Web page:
Is It Time to Get an Electric Dinghy Motor?

In a world of “E-everything”, does an electric outboard make sense? Or should we stick with that old Tohatsu until e-technology catches up with practicality?


I’ve borrowed my dockmate’s electric dinghy. I bought my wife an e-bike and I know she would like an electric motor.  Small gas motors can smell the fear of those that lack confidence with a manual choke. Gas motors are loud and you have to handle gas. My last boat kept her tender on davits and we always thought it would be neat to just plug in at night. The range is enough to commute from the harbor to the nearest dinghy dock, or from at anchor to the nearest beach. But what about the longer explorations to hidden beaches and snorkeling spots? What about small sailboats that will use the motor not just in and out of the harbor, but also when becalmed? Clearly, the best choice depends on your needs, so let’s see how they stack up.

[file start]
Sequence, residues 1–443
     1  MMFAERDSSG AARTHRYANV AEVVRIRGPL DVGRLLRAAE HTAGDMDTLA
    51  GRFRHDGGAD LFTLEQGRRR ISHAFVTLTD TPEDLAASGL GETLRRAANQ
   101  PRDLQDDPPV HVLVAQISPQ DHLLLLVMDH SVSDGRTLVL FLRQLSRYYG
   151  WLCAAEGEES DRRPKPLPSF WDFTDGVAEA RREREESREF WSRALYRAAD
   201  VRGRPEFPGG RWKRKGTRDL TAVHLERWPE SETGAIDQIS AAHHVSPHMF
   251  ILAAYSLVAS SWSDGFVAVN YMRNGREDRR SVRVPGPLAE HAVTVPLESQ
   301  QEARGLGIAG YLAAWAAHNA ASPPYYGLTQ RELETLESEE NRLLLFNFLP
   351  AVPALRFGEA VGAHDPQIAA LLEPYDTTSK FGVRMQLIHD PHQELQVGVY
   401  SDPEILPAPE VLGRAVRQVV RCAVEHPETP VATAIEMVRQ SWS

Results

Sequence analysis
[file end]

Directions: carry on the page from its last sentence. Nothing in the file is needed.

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Drew Frye
Drew Frye, Practical Sailor’s technical editor, has used his background in chemistry and engineering to help guide Practical Sailor toward some of the most important topics covered during the past 10 years. His in-depth reporting on everything from anchors to safety tethers to fuel additives have netted multiple awards from Boating Writers International. With more than three decades of experience as a refinery engineer and a sailor, he has a knack for discovering money-saving “home-brew” products or “hacks” that make boating affordable for almost anyone. He has conducted dozens of tests for Practical Sailor and published over 200 articles on sailing equipment. His rigorous testing has prompted the improvement and introduction of several marine products that might not exist without his input. His book “Rigging Modern Anchors” has won wide praise for introducing the use of modern materials and novel techniques to solve an array of anchoring challenges.